The Hitch Post
Would you rather be lucky or smart? Steve Jobs was both.

Would you rather be lucky or smart? Steve Jobs was both.

Even before Steve Jobs died, media reports repeatedly referred to his 2005 commencement speech at Stanford University. In his speech, Steve jobs reflected some of the events that led him to co-found Apple Computer — what he called connecting the dots.
He saw how sitting in on a calligraphy class led to one of the signature features of the MacIntosh — the use of multiple fonts. Windows had no choice but to copy this and other innovations of the MacIntosh.
Jobs also talked about getting fired from Apple. I had always thought that Apple suffered from Jobs' absence — and vice versa. I still think Apple suffered, but Jobs revealed that what he accomplished apart from Apple wouldn't have happened if he hadn't been been fired. And after reading his speech, I see that he took what he learned during his time away from Apple to accomplish much more than the MacIntosh — the iPod, iTunes, and iPhone.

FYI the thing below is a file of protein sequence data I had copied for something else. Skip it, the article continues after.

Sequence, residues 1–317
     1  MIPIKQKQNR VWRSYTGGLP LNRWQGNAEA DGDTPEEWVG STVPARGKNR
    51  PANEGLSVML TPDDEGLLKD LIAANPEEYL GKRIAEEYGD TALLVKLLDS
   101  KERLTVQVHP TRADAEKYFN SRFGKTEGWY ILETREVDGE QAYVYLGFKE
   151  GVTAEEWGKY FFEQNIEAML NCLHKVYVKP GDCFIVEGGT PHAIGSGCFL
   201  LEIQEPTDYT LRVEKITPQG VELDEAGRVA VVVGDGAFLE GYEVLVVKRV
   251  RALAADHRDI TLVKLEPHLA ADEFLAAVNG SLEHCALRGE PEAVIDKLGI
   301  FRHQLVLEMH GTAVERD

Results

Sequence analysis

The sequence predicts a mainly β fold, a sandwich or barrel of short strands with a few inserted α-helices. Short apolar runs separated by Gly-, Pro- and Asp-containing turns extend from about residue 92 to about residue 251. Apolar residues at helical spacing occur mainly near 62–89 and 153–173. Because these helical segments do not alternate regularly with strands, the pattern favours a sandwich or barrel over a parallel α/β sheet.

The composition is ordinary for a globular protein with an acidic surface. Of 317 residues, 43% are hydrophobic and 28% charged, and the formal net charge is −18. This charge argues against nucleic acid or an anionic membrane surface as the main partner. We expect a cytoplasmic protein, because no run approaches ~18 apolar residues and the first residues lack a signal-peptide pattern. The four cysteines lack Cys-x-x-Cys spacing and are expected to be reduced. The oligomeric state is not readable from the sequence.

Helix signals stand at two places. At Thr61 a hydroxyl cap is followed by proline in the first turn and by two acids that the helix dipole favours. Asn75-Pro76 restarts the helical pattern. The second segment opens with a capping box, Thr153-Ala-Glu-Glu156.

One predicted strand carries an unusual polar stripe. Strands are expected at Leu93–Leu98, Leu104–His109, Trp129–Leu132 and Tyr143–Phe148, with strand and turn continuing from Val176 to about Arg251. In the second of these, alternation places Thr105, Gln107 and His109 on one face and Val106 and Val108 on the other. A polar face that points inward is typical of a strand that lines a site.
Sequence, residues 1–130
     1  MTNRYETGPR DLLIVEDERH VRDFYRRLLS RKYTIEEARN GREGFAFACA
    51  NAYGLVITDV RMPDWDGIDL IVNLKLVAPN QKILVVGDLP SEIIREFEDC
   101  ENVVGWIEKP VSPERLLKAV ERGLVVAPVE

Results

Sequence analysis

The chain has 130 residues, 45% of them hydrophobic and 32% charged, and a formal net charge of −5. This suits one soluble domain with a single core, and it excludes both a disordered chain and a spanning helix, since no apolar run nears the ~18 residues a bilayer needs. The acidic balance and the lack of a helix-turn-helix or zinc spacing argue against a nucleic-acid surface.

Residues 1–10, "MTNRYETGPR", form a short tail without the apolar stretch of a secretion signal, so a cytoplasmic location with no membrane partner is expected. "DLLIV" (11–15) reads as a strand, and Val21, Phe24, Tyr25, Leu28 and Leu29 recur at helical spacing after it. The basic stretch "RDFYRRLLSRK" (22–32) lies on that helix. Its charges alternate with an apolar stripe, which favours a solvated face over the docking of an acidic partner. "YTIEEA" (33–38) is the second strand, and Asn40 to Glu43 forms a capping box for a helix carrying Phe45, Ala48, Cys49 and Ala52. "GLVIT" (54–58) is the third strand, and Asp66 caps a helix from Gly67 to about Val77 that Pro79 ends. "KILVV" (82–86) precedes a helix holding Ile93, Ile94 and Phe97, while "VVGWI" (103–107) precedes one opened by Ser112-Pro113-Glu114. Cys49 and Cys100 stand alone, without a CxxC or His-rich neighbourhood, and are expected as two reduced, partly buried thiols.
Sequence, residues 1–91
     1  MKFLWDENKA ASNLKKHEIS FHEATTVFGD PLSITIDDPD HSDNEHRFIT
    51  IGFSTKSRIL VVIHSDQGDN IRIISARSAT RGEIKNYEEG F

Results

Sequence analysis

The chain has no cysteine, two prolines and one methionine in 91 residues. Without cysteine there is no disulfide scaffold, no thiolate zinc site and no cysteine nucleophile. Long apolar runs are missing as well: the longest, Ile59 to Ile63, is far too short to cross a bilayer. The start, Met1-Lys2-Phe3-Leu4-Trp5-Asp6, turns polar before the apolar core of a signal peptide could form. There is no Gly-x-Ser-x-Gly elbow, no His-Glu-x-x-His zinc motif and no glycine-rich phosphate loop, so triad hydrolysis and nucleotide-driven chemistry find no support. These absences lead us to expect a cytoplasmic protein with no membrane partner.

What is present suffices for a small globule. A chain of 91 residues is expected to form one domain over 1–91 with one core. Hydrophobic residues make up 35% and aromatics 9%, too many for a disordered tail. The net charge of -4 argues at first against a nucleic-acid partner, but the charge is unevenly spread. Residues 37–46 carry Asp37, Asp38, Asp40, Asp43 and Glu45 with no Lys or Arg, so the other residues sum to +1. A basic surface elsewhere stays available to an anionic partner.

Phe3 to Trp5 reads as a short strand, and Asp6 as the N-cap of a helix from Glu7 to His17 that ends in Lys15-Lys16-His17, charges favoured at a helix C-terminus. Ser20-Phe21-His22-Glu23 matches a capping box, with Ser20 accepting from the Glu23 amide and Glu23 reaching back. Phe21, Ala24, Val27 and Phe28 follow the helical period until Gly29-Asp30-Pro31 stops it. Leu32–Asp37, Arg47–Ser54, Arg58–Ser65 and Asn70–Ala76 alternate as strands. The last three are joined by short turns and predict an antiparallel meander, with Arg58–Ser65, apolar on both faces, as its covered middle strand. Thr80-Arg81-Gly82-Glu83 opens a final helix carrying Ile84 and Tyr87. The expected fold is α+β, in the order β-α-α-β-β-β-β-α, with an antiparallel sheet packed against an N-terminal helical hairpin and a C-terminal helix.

So Jobs was lucky for many of the opportunities in his life. But even more so, he was smart for recognizing opportunities, acting on them, and bringing them together for his many successes.
He also challenged us to find what we love to do and make it our life's work. But he never said we'd become rich or famous doing so. I can attest to that. After 30 years, I am still passionate about my job, and I'm neither rich nor famous. But by connecting the dots, I can see how I got here — by making some good decisions, some bad ones, and plenty of luck.
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